Specifically, you must find the music of the scene.  Every scene has a rhythm and energy that is more important than the words.  If you’re riding the rhythm and energy, the crowd will be with you.  If you forget them, it doesn’t matter how great your dialogue is.

In a perfect world, each sketch is now like a trail in the forest.  They’re well trod and you know where they go.  You can put your feet in the footprints left before.  But also allow yourself the chance to take a quick jump off the path if you want to chase a butterfly that appears during a live performance.  If you know your scenes well enough, you can play off something unusual you notice about your partner, then circle back with them to the path without losing the momentum of the scene.  Remain open to discovery at all times.

12.  Promote your show.

In 2015, why the hell do I know performers who aren’t on Twitter?  Social media is a godsend for performers.  Use it.  Instagram.  Facebook.  All of it.  Ring the dinner bell and make sure your friends know it’s important that they come.

It’s actually easy to promote these days.  When I put up my Second City Conservatory show in 2002, I had to create a Geocities website by hand-typing HTML code.  Its URL was about 200 characters long.  I even tried writing on sidewalks in chalk to bring people in.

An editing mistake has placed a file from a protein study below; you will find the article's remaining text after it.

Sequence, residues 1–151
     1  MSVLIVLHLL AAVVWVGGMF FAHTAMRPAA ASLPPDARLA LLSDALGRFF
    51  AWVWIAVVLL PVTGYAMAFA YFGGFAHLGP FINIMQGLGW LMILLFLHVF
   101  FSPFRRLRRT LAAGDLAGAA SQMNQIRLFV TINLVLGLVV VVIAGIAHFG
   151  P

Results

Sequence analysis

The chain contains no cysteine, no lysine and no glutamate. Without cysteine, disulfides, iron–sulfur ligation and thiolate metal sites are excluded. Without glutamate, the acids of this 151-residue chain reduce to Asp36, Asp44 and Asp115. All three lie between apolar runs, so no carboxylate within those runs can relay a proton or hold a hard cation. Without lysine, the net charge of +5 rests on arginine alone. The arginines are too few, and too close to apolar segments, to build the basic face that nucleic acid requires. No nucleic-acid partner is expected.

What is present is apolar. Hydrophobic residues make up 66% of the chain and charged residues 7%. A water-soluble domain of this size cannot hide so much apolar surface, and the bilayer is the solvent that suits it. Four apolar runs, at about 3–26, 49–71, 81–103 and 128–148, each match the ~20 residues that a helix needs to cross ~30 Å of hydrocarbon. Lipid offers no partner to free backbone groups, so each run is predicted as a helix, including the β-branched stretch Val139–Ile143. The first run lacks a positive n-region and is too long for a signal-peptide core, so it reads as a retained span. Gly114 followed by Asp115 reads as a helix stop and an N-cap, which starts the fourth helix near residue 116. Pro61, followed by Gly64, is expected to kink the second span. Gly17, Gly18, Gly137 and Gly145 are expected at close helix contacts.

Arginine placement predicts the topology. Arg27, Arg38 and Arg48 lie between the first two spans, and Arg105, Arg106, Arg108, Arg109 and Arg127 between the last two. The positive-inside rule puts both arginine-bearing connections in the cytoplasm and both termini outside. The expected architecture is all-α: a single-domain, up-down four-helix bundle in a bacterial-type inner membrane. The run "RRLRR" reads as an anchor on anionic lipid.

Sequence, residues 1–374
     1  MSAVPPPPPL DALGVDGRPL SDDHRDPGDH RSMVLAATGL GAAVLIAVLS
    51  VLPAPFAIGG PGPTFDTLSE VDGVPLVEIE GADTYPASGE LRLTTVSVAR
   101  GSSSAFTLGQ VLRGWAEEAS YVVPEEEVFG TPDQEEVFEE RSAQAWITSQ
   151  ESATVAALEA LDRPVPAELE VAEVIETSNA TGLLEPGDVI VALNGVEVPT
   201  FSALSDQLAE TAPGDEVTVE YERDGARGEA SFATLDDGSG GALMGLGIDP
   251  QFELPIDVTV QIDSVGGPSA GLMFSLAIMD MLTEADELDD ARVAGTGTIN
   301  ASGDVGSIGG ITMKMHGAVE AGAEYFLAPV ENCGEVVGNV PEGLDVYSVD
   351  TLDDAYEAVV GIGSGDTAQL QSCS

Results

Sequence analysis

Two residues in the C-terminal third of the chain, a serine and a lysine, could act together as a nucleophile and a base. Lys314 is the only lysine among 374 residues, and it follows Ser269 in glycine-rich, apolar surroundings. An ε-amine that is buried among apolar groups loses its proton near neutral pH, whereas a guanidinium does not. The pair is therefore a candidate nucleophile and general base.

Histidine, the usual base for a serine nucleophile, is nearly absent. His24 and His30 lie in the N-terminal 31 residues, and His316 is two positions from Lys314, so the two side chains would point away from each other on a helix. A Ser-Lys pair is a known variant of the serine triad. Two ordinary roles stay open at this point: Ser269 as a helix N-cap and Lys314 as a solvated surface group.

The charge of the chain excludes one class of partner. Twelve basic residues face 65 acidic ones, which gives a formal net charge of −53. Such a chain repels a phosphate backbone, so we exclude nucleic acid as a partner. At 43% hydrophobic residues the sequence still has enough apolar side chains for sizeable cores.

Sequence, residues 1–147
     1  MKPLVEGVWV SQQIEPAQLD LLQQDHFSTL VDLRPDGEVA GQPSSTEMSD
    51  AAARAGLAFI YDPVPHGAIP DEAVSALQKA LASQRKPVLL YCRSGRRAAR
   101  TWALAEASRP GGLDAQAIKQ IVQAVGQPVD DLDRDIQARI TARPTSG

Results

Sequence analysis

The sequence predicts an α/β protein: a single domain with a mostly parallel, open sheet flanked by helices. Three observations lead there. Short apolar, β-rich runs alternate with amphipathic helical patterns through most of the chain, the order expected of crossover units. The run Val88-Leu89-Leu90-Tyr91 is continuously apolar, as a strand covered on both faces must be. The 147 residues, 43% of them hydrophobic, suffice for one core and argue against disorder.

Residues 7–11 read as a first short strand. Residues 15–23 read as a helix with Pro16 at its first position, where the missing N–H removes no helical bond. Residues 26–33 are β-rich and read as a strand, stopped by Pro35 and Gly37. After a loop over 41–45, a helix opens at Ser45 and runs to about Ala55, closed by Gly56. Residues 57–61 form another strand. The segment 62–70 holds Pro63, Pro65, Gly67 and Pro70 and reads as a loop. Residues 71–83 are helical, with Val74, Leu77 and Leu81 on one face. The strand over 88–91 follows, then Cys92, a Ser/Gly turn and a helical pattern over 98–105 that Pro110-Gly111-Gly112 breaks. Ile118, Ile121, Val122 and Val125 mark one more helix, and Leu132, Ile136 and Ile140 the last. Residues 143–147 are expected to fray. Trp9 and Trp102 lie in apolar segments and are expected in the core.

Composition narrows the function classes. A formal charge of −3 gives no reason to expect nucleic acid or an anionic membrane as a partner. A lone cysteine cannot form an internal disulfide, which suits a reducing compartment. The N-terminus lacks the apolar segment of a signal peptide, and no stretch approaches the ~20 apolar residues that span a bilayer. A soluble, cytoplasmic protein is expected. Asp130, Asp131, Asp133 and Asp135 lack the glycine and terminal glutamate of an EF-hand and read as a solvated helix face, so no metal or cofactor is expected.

Before he went on to Saturday Night Live, I remember Mike O’Brien wrote up individual emails to all the people he knew, asking them to come to a play he’d written.  It wasn’t a blast email to a ton of people.  He wrote one specifically with my name in it.  It worked.  I’ll respond to a friend’s email.  I’m less likely to pay attention to a Facebook event invitation.

Taco Tuesdays’ “To Infinity and Beyonce” (Directed, 2015)

Have a cool show title.  Get some eye-catching artwork.  Put up posters.  Post on message boards.  Leverage any media connections you have.  Make some promotional videos.  You can do that simply with your phone.

Promotion sucks and it’s a ton of busywork.  Your show will also fail without it.  What’s the last time you randomly stumbled into a theater and paid money to see something you’ve never heard of?

13.  Perform.

You’ve got a show you’re proud of.  You’ve got it memorized backward and forward.  You let everyone know about it.  Now, get up there and do it.

This is actually the easy part.  By now, you’ve done so much heavy lifting, you can just play with a clear mind.